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Blended Family Estate Planning

November 1, 2018 | by Gary Botwinick

Mountain Lakes Living Magazine, November 2018

There are numerous challenges when dealing with succession of wealth, especially when blended families are involved.   Therefore, estate planning attorneys must be mindful when preparing estate plans for blended families.

The easiest way to illustrate the issue is by recalling the marriage of Mike and Carol Brady of the Brady Bunch. When Mike and Carol married, they blended her three daughters with his three sons yet, surprisingly, there wasn’t one single episode that addressed the meeting that they undoubtedly had with their estate planning attorney.  If they had, my suspicion is that it went something like this:

Estate Planning Attorney: Hi Mike and Carol. I understand that you are here to discuss your estate plan.

Mike:  Yes. We want to leave everything to each other, and then, when the second of the two of us passes, everything will go to the six children in equal shares.

Estate Planning Attorney: Are you sure that is what you want? You understand that if I draft wills for each of you which state what you want me to state, then the surviving spouse can simply change the will after the first spouse’s death to disinherit their stepchildren.  Additionally, you are both relatively young, and your widow(er) could remarry another person and create a whole new blended family with this new spouse.

Mike: That would never happen.

Carol: I trust Mike and I know he would always treat my girls the same as his boys.

Unfortunately, Carol and Mike may be wrong and it is the responsibility of the attorney to explain to clients why. First, the surviving spouse’s relationship with the stepchildren could change after the first spouse’s death. Second, the children of the surviving spouse could influence the surviving spouse to change his or her estate plan. Third, the surviving spouse may consume the entire inheritance for long term nursing care or just for his or her own lavish lifestyle. Fourth, the surviving spouse could remarry and write the very same type of will with their new spouse.  So what should blended families consider instead?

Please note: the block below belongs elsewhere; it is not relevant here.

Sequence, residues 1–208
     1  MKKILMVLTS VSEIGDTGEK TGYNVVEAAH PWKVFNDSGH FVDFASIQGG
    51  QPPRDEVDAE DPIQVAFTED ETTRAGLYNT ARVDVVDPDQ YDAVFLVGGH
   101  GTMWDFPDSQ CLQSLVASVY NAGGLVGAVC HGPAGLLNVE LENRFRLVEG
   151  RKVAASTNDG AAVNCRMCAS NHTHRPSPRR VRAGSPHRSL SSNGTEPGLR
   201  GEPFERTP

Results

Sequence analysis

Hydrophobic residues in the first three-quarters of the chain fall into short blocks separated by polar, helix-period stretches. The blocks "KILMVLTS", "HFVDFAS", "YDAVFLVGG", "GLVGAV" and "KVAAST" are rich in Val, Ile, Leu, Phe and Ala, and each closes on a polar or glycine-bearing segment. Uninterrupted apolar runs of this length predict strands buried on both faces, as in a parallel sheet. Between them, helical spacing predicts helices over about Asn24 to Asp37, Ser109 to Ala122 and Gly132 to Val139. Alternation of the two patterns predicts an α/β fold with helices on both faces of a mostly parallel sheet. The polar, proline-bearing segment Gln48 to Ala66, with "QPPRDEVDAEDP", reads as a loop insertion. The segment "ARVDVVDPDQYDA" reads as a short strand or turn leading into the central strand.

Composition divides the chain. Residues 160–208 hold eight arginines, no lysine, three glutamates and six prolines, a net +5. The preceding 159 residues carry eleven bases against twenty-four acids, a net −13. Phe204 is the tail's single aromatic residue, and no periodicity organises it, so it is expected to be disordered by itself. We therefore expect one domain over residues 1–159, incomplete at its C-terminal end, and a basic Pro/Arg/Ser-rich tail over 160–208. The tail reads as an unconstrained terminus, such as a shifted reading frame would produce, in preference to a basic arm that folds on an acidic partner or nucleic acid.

Take Care of the Kids Immediately:  Taking care of the children of the first-to-die immediately ensures that those kids will receive an inheritance and won’t be selfishly longing for the accelerated death of the surviving spouse, nor will they have a reason to question how the surviving spouse is using his or her inherited assets.  If there is a concern about the surviving spouse’s ability to maintain his or her lifestyle, life insurance could provide a source of liquid funds.

Establish a Trust for the Surviving Spouse/Establish a Life Estate: The first-to-die could leave his or her wealth in trust, naming the surviving spouse as the lifetime beneficiary, and the children of the first-to-die as the remaindermen or surviving beneficiaries to inherit the balance of the trust when the surviving spouse passes.

Typically, these trusts are drafted in a way that ensures a stream of funds to the surviving spouse by requiring that all of the trust’s income be paid to the surviving spouse.  Unfortunately, this puts the remaindermen and the surviving spouse at odds regarding the manner in which the trust assets are invested.  An easy way to appease both is to implement a total return unitrust (“TRU”). A TRU is a trust that is designed to distribute to the surviving spouse either a fixed amount of money or a fixed percentage of the value of the trust. This way the trustees aren’t under pressure to produce income at the expense of principal growth, and it is unlikely to lead to the remaindermen questioning the investment objectives of the trustee.

Often, the largest asset is the family residence or a vacation home. In those circumstances, one of the easiest ways to ensure that the children of the first spouse to die will ultimately inherit a fair share of the property is to title the property in such a way as to provide the surviving spouse with a life estate, while preserving for the children of the first-to-die the right to inherit the property at the second spouse’s death.  The first spouse to die could leave the surviving spouse with a life estate in his or her half of the house, while giving his or her own children a remainder interest in that half.  While the surviving spouse is living, he or she can continue to reside in the home, rent-free.  When the surviving spouse dies, the half of the house which originally belonged to the first spouse to die will be succeeded to by his or her children. Likewise, the surviving spouse could leave his or her share of the residence to his or her own children, resulting in each spouse’s children receiving the inheritance, yet allowing the surviving spouse to remain secure in his or her residence.

Estate planning for blended families is complicated, and it also raises many issues which spouses may not have grappled with before the marriage. Nonetheless, it is the responsibility of the attorney who is representing the parties to raise these issues. Gary

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